Pickleball is a paddle sport played with a whiffle ball on a badminton-sized court and a tennis-style net. A non-volley zone (or kitchen) prevents volleys close to the net, and the serving team cannot volley the return of serve. These unique rules favor players with less mobility and allow senior players to compete successfully with younger competitors.
Pickleball is enjoyed by people of all ages and athletic abilities thanks to its ease of play and straightforward rules. The sport is inexpensive, social and healthy, and has been widely accepted in school gyms, fire stations, community centers, local parks, athletic clubs and thousands of backyard sports courts. In some ways it’s a combination of tennis and badminton, and along with sports such as table tennis and racquetball, pickleball has exploded in popularity. Thousands of pickleball courts have been built in recent years, especially in senior communities.
These areas have benefited from increased comradery amid peers since both doubles and singles can be played. Doubles involve longer rallies, lower physical demands and more opportunities for court banter. Though easy to learn, pickleball provides endless opportunity for individual improvement and learning subtle techniques. Many players who initially dismiss the sport as amateurish, simplistic or noisy now find it addicting. Like golf, many fans play several hours a day either indoors or outdoors.
Pickleball’s requirements are fairly minimal when it comes to equipment. Paddle faces are made of wood, composites or graphite. Overall, paddles are roughly 8” wide and 15” long with hard, smooth surfaces. Balls are made of hard plastic with holes and are similar in size to baseballs. Nets are 34” high in the center. Courts are 20 feet wide and 40’ long. Four pickleball courts can fit in the same area used for a single tennis court.
Pickleball is an inclusive, accessible, non-elitist sport that transcends social and economic barriers. Playing styles vary widely, even at the highest levels. Many top players have no past racquet or paddle sport experience and have limited athletic abilities. Pickleball is easy to begin but difficult to master. Grab a paddle and give it a try!
Pickleball was created during the summer of 1965 on Bainbridge Island - a short ferry ride from Seattle, WA. The original purpose of the game was to provide a sport for the entire family, according to co-inventors U.S. Congressman Joel Pritchard, William Bell, and Barney McCallum.
Pickles was the family dog that would chase after the errant balls and then hide in the bushes, thus Pickle's ball which was later shortened to the namesake of Pickleball. Initially, families played Pickleball in their backyards on a hard surface, on driveways, and on residential dead-end streets. Since the mid-1970's, Pickleball has grown and expanded from a family activity game to a paddle court sport with formalized rules. Now, over 20 years later, Pickleball is played in thousands of school P.E. programs, parks and recreation centers, correctional facilities, camps, YMCAs and retirement communities. This sport is becoming very popular among active senior adults at community centers and is growing in popularity on high school and college campuses.
Find Additional information at - USA Pickleball Association.
The Pickleball Ball
A pickleball is similar to a whiffle ball but it is more durable. Common whiffle balls will split apart during a game of pickleball.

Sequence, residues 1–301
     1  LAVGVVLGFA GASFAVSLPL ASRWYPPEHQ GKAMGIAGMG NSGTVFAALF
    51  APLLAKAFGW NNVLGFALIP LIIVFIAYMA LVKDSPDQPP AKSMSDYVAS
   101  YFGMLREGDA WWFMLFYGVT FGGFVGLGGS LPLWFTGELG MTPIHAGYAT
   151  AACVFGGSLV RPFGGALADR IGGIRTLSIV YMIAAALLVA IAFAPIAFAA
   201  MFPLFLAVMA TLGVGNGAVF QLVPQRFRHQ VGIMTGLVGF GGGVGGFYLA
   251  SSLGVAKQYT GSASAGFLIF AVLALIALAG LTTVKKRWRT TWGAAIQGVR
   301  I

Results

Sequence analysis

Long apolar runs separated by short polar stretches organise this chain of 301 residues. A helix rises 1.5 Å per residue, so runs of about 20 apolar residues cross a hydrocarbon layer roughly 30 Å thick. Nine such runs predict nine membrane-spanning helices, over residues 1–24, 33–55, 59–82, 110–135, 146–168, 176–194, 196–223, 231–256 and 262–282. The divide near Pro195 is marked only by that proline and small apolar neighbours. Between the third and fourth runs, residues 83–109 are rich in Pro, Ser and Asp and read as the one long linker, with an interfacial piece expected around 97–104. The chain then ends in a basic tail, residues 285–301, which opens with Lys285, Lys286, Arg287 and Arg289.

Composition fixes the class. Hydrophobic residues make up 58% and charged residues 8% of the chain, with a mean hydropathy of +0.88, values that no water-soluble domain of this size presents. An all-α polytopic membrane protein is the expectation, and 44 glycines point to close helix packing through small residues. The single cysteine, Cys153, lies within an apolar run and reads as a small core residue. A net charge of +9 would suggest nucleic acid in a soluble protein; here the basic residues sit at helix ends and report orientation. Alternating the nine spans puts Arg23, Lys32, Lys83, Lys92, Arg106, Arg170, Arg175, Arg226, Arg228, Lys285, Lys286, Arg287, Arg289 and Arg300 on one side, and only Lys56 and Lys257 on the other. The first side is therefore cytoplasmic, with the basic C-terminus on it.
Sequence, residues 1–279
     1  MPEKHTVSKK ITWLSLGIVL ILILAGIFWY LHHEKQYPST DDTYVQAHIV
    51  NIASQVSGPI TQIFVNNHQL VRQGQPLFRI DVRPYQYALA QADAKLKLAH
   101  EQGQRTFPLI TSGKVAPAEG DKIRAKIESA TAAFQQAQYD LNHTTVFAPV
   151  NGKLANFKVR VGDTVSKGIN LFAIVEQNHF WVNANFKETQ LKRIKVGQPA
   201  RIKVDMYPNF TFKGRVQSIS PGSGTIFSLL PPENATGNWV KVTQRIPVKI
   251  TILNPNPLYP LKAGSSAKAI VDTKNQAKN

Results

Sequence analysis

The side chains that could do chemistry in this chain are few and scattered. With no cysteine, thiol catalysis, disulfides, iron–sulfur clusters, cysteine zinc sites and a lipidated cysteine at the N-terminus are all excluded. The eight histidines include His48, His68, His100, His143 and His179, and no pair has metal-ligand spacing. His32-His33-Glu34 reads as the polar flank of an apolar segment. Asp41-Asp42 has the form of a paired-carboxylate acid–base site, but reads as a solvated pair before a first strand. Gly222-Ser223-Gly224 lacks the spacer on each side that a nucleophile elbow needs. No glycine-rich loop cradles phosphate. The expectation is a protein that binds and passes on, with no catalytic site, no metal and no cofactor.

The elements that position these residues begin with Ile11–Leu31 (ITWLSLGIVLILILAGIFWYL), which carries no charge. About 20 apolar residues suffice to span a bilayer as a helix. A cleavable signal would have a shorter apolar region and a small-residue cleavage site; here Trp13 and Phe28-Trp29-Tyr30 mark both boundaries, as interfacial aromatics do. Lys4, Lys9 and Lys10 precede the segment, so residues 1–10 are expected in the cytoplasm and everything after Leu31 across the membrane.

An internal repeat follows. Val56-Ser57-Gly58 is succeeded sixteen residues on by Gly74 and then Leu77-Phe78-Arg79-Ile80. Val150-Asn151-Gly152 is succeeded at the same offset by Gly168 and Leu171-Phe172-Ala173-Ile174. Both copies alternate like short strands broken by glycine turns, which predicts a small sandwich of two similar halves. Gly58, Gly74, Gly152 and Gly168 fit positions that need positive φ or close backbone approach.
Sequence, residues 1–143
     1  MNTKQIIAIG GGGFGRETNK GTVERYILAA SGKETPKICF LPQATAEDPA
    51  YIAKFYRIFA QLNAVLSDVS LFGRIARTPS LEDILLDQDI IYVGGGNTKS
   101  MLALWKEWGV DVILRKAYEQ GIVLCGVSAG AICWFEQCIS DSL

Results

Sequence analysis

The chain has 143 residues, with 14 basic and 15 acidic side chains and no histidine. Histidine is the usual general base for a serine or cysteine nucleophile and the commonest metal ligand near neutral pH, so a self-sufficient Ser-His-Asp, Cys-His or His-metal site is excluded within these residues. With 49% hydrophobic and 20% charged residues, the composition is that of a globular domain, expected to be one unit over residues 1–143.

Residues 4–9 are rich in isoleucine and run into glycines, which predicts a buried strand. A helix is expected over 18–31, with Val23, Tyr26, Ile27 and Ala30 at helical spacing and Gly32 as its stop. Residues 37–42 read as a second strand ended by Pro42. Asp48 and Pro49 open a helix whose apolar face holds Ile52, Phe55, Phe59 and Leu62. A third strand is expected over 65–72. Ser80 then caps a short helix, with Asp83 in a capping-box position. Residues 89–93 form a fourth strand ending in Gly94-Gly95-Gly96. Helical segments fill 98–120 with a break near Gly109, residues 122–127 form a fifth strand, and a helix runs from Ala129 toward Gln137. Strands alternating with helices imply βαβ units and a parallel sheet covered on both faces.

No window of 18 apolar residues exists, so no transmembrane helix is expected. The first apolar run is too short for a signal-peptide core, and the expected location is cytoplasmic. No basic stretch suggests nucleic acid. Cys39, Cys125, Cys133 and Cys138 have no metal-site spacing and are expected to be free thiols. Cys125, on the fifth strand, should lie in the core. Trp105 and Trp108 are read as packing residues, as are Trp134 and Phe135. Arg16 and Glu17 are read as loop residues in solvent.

There are currently no rules governing what type of pickleball is played indoors or outdoors or the color of the ball. In our experience most people prefer playing outside with the small-holed, hard plastic Dura, TOP, or ONIX ball and so we've come to calling these balls "outdoor" balls.
Similarly, most people prefer playing indoors with the large holed Jugs or Big Hole Dura Ball, so we've come to calling these balls "indoor balls".
Ball choice is a matter of preference. Pickleball communities develop a preference for a particular brand and color of ball. Be warned, people feel strongly about their balls. Make sure and check what ball your community uses so you don't show up with the "wrong ball".
The paddle is similar to a ping pong paddle in that it is solid and easily maneuverable with a turn of the wrist. When game was invented, wooden paddles were used and are still used at many institutions due to lower cost. The best quality paddles are made of lightweight fiberglass due to their lower weight and higher durability. Our champion fiberglass paddles come in a variety of bright colors.
The game itself is played on a court that is the same size as a badminton court (20 feet wide by 44 feet long). The net is set at 36 inches high on the edges and 34 inches in the middle.
Pickleball's small court allows younger players or those with varying degrees of mobility to participate in a way that the larger court of tennis sometimes prohibits. Additionally, a rule prohibiting volleying (hitting the ball in the air) in the non-volley zone (the space 7 feet from the net) helps to equalize play and reduce overpowering smashes at the net.
Pickleball has become a common high school sport in gym classes and has gained popularity with teenagers as well as seniors. Schools often host tournaments. In New York State alone, it is estimated that over 500 schools include Pickleball in their curricula.
We offer several type of complete pickleball sets. The prices vary depending on the type of paddles included in the set. Wood paddles are the least expensive. Graphite are the most expensive. With a complete pickleball set you have everything you need to set up a pickleball court and play anywhere there's a hard surface, like a driveway, gym, cul-de-sac, parking lot or school yard.